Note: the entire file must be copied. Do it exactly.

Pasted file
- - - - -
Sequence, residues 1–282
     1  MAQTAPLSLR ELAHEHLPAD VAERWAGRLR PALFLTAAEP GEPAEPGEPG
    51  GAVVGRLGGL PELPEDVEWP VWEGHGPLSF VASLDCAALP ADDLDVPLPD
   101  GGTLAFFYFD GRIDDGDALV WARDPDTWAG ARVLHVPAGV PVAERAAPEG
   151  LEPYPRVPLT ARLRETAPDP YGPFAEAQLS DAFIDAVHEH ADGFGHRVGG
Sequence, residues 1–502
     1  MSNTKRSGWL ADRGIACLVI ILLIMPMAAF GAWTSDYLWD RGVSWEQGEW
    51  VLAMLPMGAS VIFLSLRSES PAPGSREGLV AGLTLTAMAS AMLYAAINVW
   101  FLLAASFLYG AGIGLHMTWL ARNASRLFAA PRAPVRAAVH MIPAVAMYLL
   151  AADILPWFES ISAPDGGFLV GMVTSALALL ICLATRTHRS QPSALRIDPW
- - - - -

Sequence, residues 1–282
     1  MAQTAPLSLR ELAHEHLPAD VAERWAGRLR PALFLTAAEP GEPAEPGEPG
    51  GAVVGRLGGL PELPEDVEWP VWEGHGPLSF VASLDCAALP ADDLDVPLPD
   101  GGTLAFFYFD GRIDDGDALV WARDPDTWAG ARVLHVPAGV PVAERAAPEG
   151  LEPYPRVPLT ARLRETAPDP YGPFAEAQLS DAFIDAVHEH ADGFGHRVGG
Sequence, residues 1–502
     1  MSNTKRSGWL ADRGIACLVI ILLIMPMAAF GAWTSDYLWD RGVSWEQGEW
    51  VLAMLPMGAS VIFLSLRSES PAPGSREGLV AGLTLTAMAS AMLYAAINVW
   101  FLLAASFLYG AGIGLHMTWL ARNASRLFAA PRAPVRAAVH MIPAVAMYLL
   151  AADILPWFES ISAPDGGFLV GMVTSALALL ICLATRTHRS QPSALRIDPW